by Burni Andres
Cherryfield Academy was incorporated 176 years ago by an Act of the Maine Legislature on February 19, 1829, “…for the education of youth, and the promotion of piety and morality….” The original Board of Trustees reads like a Who’s Who of Cherryfield – Samuel Merrill, Phineas Bond, John Upton, Philo Lewis, James A Campbell, Tobias Hall, Joseph Adams, William Nichels, Alexander Campbell, Alexander Nickels, Jeremiah O. Nickels, James Small and Charles Hall. Many generations of these distinguished families were educated at the Academy and some descendents still reside in the town.
In 1886, Judge James Milliken became Cherryfield’s first historian by writing a small volume, The Narraguagus Valley – History of the Early Settlers. The Judge’s son, Dr. Charles J. Milliken, served as treasurer of the Academy in 1895-6. The Doctor’s son, James C. Milliken, founded the Milliken Insurance Company (later bought by Hollis Fickett from James Milliken’s widow, Charlotte). In 1948, James C. Milliken wrote a short narrative about the Academy, borrowing liberally from his grandfather’s little history book and family experiences. I, in turn, borrow liberally from James’ notes and from original documents supplied by Margery Brown of the Cherryfield-Narraguagus Historical Society. As usual when writing about matters historical, I siphoned some of this material directly from the mind of Margery Brown, Cherryfield’s living historical encyclopedia and current President of the Society.
In 1948, James C. Milliken wrote: “Until 1850, the school led a sort of itinerent [sic] life, being held first in one place and then in another. For the first ten years, the sessions were held in an old meetinghouse, which had been remodeled and repaired for the purpose. The site of the building was near the present location of the Baptist Church. In 1839 this structure was burned, and for ten years the school languished. A private school was taught for a time in Lyceum Hall.”
“In 1850, the Union School District was formed in order to provide the Academy with a suitable and permanent home. The present building was erected by the district and deeded to the Trustees. This generous act afforded the School excellent accommodations, and attracted the attention of those interested in higher education to Cherryfield. Competent teachers were employed, and the excellence of the instruction given drew many students, who are today among the active men and women of this and many other states.”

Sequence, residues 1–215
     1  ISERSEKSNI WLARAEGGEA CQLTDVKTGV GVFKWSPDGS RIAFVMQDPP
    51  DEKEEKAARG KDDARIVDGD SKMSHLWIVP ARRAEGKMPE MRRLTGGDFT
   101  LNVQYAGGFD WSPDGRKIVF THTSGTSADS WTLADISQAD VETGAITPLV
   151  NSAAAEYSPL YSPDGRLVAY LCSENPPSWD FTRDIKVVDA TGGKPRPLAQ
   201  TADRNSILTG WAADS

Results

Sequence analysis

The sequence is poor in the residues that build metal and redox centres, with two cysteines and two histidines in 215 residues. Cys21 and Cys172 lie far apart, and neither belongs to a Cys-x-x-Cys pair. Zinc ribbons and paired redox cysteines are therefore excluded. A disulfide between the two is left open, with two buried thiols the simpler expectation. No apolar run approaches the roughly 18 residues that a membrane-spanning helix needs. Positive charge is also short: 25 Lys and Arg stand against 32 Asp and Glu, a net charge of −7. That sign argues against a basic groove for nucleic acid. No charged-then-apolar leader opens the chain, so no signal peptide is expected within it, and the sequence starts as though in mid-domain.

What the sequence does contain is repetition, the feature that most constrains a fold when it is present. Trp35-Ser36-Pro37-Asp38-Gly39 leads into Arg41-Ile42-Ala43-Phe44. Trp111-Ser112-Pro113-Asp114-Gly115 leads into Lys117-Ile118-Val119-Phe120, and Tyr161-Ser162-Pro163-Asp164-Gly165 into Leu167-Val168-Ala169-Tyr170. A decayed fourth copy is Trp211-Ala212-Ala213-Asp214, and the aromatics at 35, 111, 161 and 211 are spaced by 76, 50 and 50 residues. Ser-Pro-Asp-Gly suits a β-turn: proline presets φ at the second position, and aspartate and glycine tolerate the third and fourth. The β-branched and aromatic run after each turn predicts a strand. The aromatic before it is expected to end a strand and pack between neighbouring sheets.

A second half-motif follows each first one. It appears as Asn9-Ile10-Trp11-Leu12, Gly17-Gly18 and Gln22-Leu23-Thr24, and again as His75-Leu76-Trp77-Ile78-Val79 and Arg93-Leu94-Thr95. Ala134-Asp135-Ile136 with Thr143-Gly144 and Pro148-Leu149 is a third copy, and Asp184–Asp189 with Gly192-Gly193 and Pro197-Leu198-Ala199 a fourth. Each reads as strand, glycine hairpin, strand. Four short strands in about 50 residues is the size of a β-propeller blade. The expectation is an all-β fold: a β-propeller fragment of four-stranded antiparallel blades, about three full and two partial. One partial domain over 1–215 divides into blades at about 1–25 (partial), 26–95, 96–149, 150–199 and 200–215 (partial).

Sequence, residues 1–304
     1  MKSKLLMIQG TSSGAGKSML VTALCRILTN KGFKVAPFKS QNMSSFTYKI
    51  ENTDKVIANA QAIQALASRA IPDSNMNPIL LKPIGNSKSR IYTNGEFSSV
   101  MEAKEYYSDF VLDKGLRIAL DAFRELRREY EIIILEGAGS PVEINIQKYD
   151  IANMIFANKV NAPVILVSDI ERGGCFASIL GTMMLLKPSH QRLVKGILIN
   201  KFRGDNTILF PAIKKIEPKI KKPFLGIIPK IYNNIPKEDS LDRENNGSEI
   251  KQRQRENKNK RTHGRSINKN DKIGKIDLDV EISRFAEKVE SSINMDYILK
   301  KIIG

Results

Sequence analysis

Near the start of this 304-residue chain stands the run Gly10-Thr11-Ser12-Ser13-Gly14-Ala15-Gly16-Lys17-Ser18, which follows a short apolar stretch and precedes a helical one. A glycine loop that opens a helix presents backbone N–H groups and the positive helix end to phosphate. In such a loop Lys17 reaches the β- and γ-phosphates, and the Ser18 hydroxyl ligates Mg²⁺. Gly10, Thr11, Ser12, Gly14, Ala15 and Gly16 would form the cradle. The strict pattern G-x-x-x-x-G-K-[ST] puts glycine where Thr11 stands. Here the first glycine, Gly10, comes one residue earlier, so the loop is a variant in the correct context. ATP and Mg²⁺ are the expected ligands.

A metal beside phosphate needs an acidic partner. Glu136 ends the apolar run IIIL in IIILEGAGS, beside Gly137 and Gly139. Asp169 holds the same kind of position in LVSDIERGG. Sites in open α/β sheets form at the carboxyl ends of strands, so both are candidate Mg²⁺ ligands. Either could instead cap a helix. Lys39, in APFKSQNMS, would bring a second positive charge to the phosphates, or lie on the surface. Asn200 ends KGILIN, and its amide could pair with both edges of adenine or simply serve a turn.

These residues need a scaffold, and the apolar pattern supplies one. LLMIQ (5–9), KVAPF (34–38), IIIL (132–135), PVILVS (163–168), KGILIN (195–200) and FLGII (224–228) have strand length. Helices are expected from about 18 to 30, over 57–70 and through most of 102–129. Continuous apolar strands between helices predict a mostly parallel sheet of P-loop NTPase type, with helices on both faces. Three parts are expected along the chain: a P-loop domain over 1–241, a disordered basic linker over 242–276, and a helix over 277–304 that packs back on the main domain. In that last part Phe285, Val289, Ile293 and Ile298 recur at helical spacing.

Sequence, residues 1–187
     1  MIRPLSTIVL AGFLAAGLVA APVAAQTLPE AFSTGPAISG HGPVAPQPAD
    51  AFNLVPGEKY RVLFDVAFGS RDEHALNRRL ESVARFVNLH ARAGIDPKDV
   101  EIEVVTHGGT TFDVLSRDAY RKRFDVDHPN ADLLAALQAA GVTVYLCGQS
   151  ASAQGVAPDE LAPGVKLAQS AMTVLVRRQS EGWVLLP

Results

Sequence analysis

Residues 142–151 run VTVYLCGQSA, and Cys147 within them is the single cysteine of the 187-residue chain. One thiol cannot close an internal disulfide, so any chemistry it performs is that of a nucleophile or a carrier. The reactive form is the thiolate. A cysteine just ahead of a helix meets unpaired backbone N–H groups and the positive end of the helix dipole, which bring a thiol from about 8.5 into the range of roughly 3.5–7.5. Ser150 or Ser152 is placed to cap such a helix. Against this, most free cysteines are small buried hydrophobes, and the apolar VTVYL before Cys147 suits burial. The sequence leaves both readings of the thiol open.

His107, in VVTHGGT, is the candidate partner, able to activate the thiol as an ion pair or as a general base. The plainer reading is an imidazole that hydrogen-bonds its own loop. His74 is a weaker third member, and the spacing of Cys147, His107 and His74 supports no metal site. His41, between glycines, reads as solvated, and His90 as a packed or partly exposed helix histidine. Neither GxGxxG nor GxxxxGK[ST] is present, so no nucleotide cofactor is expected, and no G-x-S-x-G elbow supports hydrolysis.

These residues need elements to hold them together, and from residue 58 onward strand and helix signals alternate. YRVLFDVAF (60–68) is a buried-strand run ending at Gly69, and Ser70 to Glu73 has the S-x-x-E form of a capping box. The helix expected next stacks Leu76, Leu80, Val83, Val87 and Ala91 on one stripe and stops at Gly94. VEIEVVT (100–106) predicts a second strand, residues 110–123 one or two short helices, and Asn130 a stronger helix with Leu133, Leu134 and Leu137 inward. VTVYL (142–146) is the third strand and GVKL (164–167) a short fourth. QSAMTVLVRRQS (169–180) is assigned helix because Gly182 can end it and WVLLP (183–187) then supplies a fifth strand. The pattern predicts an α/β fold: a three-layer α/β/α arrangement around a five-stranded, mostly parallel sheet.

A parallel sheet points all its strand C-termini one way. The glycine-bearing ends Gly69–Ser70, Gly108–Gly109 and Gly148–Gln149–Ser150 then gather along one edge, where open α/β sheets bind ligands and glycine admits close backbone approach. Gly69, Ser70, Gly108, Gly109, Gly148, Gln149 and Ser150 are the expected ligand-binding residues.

The “Catalogue of the Officers and Students of Cherryfield Academy for the year ending February, 1853” lists a Board of Trustees including some Campbells, Nickels, and Smalls plus a Willey, a Wakefield, a Burnham and a Nash among those at the helm. It lists two teachers, Francis A. Gates, A.M. and Miss Catharine R. Lord, and a total of 198 students – 99 “Gentlemen” and 99 “Ladies” – a student/teacher ratio that would surely be frowned upon today.
The textbooks used in the “English Branches” are listed as “Bible; Town’s Fourth Reader; Webster’s and Worcester’s Dictionaries; Brown’s Grammar; Weld’s Parsing Book; Thompson’s Seasons; Smith’s Geography; Burritt’s Geography of the Heavens; Smith’s Astronomy; History of the United States: Boyd’s Rhetoric; Hedge’s Logic; Comstock’s Natural Sciences; Foster’s Book Keeping; Watts’ on the Mind; Wayland’s Moral Science; Lambert’s Physiology; Wood’s Botany; Worcester’s Ancient History; Wayland’s Political Economy.”
In addition to English, Latin, Greek, French and Spanish were taught. The Trustees take the opportunity to include some general remarks, to whit, “This Institution is located in the pleasant village of Cherryfield, on the Stage road leading from Bangor, Bucksport and Ellsworth to Calais, Eastport and the Provinces: and the Trustees, in issuing this, their first Catalogue, take pleasure in saying that, in its success, their most sanguine expectations have been fully realized. In the facilities it affords for acquiring an education, either for practical life, or for advancement to the higher Institutions of our country, they believe it to be equal to any of the kind in the State, and therefore recommend it as such, pledging themselves that nothing shall be wanting on their part to sustain the high reputation is has already gained.”